Importers and would-be-buyers tend to enter a project in default mode.

Here’s the default mode as simply as I can explain it:

I need good quality, 100%, no problems”

We all start off the journey in this mode, whether we realize it or not.

It’s done subconsciously, naively.

But nevertheless, the form of thinking is lodged in the buyers’ minds.

There’s nothing wrong with wanting a good quality product. But the idea isn’t conceived by waving a magic-wand blanket statement and expecting pristine results

The only thing that can correct it is knowledge and understanding.

Understand your product and the manufacturing processes.

A better mindset to nurture would be:

“We need to achieve a great product based on the the processes and what the item actually is”

That’s more of a mouthful.

But that’s the goal a skillful importer should shoot for.

Watch videos or better yet, buy a plane ticket and visit factories.

Grow your knowledge database on HOW the stuff is made.

Here’s a scenario we recently saw:

  • Sample sent to client.
  • Client confirms the samples.
  • Mass production pieces widely vary in quality; only a few pieces are like the original sample

Why? Is the supplier just horrible?

No, the item was a very tedious, sensitive item.

What the client didn’t know is this item, because of how it’s made, has a very high ratio of defect.

For this “tricky” item to come out right every time, the buyer would need to:

  • Give the factory much more time.
  • Pay a higher price to cover all the waste pieces. See the original quote didn’t include so man a percentage that need to be tossed.
  • Or, find a higher-end factory, better machines.. this may not even be an option. Once you understand processes, you’ll know how hit-or-miss the project will be.

Now cranky emotional buyers may wail out:

Why didn’t the factory tell me this was going to be a cluster mess of a project? The sample was great, why didn’t the factory sit me down and have a heart to heart with me on realities?”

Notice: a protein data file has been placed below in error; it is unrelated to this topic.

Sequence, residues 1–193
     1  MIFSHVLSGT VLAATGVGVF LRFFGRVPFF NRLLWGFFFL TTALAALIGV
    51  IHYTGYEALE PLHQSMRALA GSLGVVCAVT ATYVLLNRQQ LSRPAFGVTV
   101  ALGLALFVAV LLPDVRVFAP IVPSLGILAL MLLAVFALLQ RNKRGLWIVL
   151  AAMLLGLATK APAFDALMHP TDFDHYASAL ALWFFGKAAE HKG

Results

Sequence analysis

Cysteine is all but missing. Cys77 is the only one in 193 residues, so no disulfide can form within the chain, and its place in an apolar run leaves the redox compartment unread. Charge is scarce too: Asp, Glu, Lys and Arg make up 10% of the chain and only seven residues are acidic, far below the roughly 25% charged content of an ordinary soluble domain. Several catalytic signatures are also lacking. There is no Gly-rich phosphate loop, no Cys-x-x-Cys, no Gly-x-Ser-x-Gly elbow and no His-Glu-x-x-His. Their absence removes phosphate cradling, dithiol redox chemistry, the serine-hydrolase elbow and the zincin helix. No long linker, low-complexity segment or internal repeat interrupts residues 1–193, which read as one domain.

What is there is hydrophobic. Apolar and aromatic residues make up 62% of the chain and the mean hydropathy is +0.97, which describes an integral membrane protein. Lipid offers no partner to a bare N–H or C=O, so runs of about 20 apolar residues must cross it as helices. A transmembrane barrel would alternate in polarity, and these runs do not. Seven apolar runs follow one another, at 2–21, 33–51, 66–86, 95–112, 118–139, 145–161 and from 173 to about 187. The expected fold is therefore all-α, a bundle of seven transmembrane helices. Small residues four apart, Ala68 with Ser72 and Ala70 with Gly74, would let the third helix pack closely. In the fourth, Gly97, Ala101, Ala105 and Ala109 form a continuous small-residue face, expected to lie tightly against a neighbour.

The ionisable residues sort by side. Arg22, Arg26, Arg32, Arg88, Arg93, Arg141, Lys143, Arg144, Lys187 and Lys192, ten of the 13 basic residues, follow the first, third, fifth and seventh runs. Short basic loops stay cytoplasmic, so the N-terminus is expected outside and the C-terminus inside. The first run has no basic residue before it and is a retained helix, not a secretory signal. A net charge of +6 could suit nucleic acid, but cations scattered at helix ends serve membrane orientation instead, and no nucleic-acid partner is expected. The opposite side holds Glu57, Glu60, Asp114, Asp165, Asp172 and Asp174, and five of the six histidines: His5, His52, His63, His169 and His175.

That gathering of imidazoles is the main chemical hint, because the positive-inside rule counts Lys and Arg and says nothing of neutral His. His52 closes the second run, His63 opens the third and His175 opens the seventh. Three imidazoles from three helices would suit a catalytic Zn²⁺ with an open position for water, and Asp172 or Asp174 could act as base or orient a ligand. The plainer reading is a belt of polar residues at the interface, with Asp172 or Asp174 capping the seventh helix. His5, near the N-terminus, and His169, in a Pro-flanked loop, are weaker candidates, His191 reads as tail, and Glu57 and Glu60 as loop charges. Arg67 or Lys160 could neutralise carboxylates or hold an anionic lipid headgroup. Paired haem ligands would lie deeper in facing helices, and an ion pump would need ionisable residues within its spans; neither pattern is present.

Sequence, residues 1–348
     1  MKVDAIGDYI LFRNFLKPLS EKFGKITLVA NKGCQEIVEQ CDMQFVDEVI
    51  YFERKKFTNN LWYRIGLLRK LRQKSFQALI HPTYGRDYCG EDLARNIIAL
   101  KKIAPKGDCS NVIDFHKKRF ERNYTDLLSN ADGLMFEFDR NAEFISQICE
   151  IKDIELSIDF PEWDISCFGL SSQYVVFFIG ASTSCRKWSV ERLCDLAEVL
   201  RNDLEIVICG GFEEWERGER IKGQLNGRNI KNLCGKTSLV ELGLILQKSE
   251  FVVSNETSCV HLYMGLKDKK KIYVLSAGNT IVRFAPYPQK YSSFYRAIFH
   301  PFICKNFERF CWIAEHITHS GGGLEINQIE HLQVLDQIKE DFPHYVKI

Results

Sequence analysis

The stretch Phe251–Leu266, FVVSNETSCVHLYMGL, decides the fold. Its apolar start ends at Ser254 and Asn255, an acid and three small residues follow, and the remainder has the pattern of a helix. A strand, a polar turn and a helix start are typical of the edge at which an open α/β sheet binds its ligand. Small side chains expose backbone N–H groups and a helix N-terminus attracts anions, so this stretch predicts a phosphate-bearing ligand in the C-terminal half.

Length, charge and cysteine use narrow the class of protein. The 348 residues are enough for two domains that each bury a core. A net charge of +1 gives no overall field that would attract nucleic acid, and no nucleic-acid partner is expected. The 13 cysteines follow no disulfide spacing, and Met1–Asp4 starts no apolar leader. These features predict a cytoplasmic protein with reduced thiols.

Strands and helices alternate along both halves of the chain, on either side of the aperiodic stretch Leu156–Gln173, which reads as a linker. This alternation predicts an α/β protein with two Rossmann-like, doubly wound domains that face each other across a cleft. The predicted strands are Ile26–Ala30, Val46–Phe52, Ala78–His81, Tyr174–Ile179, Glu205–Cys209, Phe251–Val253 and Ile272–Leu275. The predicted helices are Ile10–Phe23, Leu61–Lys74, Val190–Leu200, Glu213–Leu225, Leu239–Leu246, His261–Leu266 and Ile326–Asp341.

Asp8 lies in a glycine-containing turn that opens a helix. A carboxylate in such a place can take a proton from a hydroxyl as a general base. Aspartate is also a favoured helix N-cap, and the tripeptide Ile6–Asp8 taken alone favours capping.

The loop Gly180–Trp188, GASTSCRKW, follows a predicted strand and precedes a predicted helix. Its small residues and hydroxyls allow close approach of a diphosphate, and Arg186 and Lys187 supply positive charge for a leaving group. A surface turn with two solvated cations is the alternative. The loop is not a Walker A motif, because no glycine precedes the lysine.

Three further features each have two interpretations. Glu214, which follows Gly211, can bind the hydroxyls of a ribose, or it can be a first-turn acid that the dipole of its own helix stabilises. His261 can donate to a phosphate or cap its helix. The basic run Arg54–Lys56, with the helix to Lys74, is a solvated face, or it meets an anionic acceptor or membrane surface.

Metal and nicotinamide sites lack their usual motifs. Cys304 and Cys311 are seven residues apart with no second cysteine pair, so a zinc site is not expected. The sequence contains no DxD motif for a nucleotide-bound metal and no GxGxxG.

I’ve blogged about that extensively here and my 8 blog readers have read all of those (you may be my 9th reader!).

But a short answer is, typically offshore factories, especially in China and lower-cost countries, won’t do much spoon feeding, ie clear explanations on expectations.

Many time, your sales contact doesn’t even have that info from the production line. You sales contact doesn’t know all the ramifications of ordering.

Knowledge on processes helps importers make the better decisions.

Once you gain knowledge you start making better informed decisions.

To use my above scenario, a knowledgeable buyer could’ve then decided…

  • Is the product worth doing? May be better to switch to a more practical item, more fluid in manufacturing.
  • Perhaps they could change expectations. Instead of worrying if the squeezy toy’s eyes were always perfectly straight, maybe they can consider, that once little Joey yanks the item outta the box and starts squeezing, ain’t nobody focused on eyes or exact lines, right? Knowledge helps in perspective.
  • Changing the item: once a buyer understands processes, they can then simplify, add to or pivot as necessary.

You’ve heard the ol’ cliche that knowledge is the key, right?

Better yet, “knowledge is a smooth offshore manufacturing order that won’t cause you to pull your hair out and lose a ton of money”.

That is kinda long-winded..